Invert­er split sys­tems, out­ward­ly, do not dif­fer from ordi­nary wall-mount­ed air con­di­tion­ers, except for stick­ers. In fact, there are car­di­nal dif­fer­ences, but they are all inside.

Many peo­ple ask the ques­tion, what does an invert­er split sys­tem mean? This con­cept comes from the Latin con­cept “inver­to”, which means to turn over, change. It was the change that formed the prin­ci­ple of oper­a­tion of such com­pres­sors, which can oper­ate at a vari­able speed. Thanks to this, the air con­di­tion­er has become more eco­nom­i­cal. In addi­tion, such a split sys­tem can oper­ate at sub-zero out­door tem­per­a­tures.


Inverter system: principle of operation and features of the device

The prin­ci­ple of oper­a­tion of the invert­er split sys­tem is to reg­u­late the oper­a­tion of the com­pres­sor depend­ing on the air tem­per­a­ture in the room. When the set air para­me­ters are reached, the com­pres­sor does not turn off, but con­tin­ues to work, main­tain­ing the tem­per­a­ture of the air mix­ture.

Thanks to these fea­tures, less noise is gen­er­at­ed and the life of the com­pres­sor is sig­nif­i­cant­ly increased, as there are few­er starts. Run­ning by itself wears it out quite a lot. The thing is that after the com­pres­sor stops, the oil in it to lubri­cate the rub­bing parts flows into the crankcase, and when start­ing, the com­pres­sor works for some time in “extreme” con­di­tions.

The principle of operation of the inverter type systemThe main device of a split-sys­tem with invert­er con­trol is a com­pres­sor. Most often it is called the “heart of the air con­di­tion­er.” Thanks to him, fre­on is com­pressed. In addi­tion, thanks to the com­pres­sor, gas moves along a closed pipeline pipeline. But with­out oth­er devices, the oper­a­tion of the air con­di­tion­er is also impos­si­ble.

  1. Evap­o­ra­tor. It is in it that the tran­si­tion of fre­on from a liq­uid state to a gaseous form occurs. In this case, the tem­per­a­ture of the heat exchang­er itself decreas­es, and, accord­ing­ly, the ambi­ent air. The evap­o­ra­tor is locat­ed in the indoor unit of the split sys­tem.
  2. Capac­i­tor. In this device, the reverse process of tran­si­tion from the gaseous state of fre­on to its liq­uid form takes place. Dur­ing con­den­sa­tion, the gas gives off heat to the out­door air mass­es.
  3. Throt­tle, or as it is also called — a throt­tling device. It is designed to sharply com­press fre­on in front of the evap­o­ra­tor. This device is locat­ed in the indoor unit of the air con­di­tion­er.
  4. Fans. As a rule, there are two of them, one is locat­ed in the exter­nal, and the sec­ond in the inter­nal block of the split sys­tem. They are designed to cre­ate air cur­rents that blow over the evap­o­ra­tor and con­denser.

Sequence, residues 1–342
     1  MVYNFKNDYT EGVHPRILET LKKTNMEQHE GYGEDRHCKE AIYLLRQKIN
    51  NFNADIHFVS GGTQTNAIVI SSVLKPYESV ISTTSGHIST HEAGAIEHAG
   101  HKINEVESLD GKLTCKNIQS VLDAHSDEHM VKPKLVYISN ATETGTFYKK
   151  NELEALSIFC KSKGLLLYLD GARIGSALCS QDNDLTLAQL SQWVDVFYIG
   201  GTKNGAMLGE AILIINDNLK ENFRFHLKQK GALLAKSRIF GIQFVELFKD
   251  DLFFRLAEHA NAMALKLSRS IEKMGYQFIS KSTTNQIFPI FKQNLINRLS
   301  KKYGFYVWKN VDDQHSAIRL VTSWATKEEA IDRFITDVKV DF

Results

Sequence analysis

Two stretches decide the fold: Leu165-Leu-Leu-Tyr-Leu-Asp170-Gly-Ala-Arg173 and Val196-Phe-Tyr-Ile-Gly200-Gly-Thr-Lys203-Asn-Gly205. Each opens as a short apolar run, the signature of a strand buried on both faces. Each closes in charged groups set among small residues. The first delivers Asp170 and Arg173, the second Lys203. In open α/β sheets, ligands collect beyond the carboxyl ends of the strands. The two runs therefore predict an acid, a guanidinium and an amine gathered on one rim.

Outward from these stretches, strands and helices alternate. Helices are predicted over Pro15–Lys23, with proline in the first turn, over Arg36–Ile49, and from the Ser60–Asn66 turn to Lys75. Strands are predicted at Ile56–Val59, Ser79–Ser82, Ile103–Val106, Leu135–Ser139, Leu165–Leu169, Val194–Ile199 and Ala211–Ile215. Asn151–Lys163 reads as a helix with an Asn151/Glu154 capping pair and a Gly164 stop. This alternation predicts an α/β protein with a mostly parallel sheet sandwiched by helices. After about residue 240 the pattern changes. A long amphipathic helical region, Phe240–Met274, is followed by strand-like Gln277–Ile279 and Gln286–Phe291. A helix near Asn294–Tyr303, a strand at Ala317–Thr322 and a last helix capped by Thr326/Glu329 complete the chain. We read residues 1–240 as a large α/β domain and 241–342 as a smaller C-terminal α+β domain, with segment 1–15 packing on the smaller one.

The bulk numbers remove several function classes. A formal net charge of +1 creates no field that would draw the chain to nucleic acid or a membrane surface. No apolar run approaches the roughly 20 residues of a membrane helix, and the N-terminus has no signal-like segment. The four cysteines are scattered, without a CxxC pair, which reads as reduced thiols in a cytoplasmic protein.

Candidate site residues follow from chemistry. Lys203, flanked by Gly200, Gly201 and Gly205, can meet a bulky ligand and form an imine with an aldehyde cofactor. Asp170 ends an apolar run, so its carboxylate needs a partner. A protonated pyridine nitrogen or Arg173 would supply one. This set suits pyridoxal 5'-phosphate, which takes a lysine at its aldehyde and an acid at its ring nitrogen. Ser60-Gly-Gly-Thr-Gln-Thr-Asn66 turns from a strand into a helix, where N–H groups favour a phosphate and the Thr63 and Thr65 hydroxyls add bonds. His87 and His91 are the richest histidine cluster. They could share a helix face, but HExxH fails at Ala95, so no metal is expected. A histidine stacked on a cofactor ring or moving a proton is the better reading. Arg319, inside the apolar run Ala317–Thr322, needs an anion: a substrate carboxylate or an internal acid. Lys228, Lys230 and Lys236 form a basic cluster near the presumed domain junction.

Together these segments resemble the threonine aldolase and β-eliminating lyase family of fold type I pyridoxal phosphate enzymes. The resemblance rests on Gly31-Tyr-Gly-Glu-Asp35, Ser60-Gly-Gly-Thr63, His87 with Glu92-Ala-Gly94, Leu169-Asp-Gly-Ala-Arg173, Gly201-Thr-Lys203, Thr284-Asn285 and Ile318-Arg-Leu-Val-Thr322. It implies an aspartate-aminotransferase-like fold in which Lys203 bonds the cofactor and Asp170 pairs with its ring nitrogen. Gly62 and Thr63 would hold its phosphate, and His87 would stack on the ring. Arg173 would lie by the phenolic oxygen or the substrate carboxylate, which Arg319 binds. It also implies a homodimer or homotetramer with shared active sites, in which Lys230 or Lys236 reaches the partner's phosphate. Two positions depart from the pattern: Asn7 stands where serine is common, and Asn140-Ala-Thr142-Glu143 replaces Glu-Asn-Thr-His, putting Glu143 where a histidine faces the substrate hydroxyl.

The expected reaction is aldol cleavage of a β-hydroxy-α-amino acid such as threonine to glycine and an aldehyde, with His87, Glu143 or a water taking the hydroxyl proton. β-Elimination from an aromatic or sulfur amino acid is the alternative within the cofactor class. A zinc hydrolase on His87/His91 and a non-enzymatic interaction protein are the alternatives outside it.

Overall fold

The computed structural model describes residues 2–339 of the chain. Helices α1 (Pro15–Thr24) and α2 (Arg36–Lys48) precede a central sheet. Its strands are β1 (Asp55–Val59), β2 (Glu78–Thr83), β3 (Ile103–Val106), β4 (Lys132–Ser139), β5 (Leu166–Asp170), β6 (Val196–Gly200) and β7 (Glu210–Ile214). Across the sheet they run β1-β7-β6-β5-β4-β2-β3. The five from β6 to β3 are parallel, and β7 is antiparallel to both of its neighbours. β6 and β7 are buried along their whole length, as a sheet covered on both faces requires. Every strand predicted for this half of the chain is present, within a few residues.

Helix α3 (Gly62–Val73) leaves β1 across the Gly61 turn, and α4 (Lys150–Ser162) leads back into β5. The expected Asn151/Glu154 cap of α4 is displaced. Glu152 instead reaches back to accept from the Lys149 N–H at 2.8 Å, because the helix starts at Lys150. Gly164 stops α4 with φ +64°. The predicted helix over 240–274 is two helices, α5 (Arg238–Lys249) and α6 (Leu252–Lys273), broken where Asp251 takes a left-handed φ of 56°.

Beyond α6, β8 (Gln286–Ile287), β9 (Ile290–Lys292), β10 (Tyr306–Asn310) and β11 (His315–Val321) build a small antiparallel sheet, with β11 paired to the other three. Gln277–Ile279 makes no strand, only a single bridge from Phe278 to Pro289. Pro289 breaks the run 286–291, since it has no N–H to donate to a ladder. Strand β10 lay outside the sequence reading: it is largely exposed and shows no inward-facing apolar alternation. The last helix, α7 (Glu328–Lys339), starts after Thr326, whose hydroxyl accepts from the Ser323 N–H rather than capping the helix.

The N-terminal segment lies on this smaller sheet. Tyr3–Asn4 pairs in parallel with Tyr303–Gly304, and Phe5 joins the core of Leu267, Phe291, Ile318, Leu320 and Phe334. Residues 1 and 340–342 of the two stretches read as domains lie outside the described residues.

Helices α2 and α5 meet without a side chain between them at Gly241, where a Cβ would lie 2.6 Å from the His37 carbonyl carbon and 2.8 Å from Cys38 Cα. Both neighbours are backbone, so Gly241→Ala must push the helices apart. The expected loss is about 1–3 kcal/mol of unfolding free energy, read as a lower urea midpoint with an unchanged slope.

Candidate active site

There are also invert­er-type mul­ti-split sys­tems. Their main dif­fer­ence from con­ven­tion­al air con­di­tion­ers is the pres­ence of sev­er­al indoor units. They are designed to cre­ate com­fort­able con­di­tions in sev­er­al rooms at once. Depend­ing on the type of mul­ti split sys­tem, it can work per­fect­ly with two, three, and even sev­en indoor units.

Advantages and disadvantages

Like any cli­mate tech­nol­o­gy, such sys­tems have their unde­ni­able advan­tages, but also some dis­ad­van­tages that will be con­sid­ered. Advan­tages:Photo: Saving electricity is one of the main benefits

  1. More accu­rate tem­per­a­ture main­te­nance with­in the spec­i­fied lim­its, com­pared to con­ven­tion­al air con­di­tion­ing.
  2. Low­er noise lev­el com­pared to clas­si­cal type air con­di­tion­ers.
  3. They cool the room much faster, since from the moment of start-up until reach­ing the set tem­per­a­ture regime they work at full capac­i­ty.
  4. It is much more eco­nom­i­cal than its clas­sic “com­pa­tri­ots”, due to the absence of peak loads dur­ing com­pres­sor starts.
  5. They have a longer ser­vice life. This is due to few­er com­pres­sor on/off times.
  6. Can work at rather low out­side air tem­per­a­ture.

The dis­ad­van­tages include their high cost, com­pared with clas­sic air con­di­tion­ers. In addi­tion, they are very sen­si­tive to volt­age surges, so if there is such a prob­lem in the home, care must be tak­en to install devices that smooth out pow­er surges.

When Should You Buy Inverter Air Conditioning Systems?

There are sev­er­al main rea­sons why peo­ple choose such cli­mate tech­nol­o­gy for them­selves.

  • How not to get lost among the variety of presented systems?One of the main rea­sons for pur­chas­ing such equip­ment is their increased ser­vice life. The abun­dance of brands, and var­i­ous fakes con­fuse most buy­ers when choos­ing. And since the split sys­tem is already not cheap, many peo­ple pre­fer to over­pay for an invert­er about 50% of the nor­mal cost of an air con­di­tion­er, for its reli­a­bil­i­ty and dura­bil­i­ty.
  • The sec­ond rea­son for the pur­chase was the econ­o­my. It is known that invert­er cli­mate tech­nol­o­gy con­sumes less elec­tric­i­ty.
  • This type of air con­di­tion­er has a sig­nif­i­cant reduc­tion in noise lev­els.
    The pur­chase of such sys­tems should be con­sid­ered by those who are plan­ning rede­vel­op­ment in their home, in con­nec­tion with which, the heat load may increase.

Invert­er cli­mate con­trol tech­nol­o­gy is quite expen­sive. It cer­tain­ly has its advan­tages and dis­ad­van­tages. In some cas­es, such an air con­di­tion­er is sim­ply nec­es­sary, and in some it is a waste of mon­ey, so take their pur­chase and instal­la­tion seri­ous­ly.

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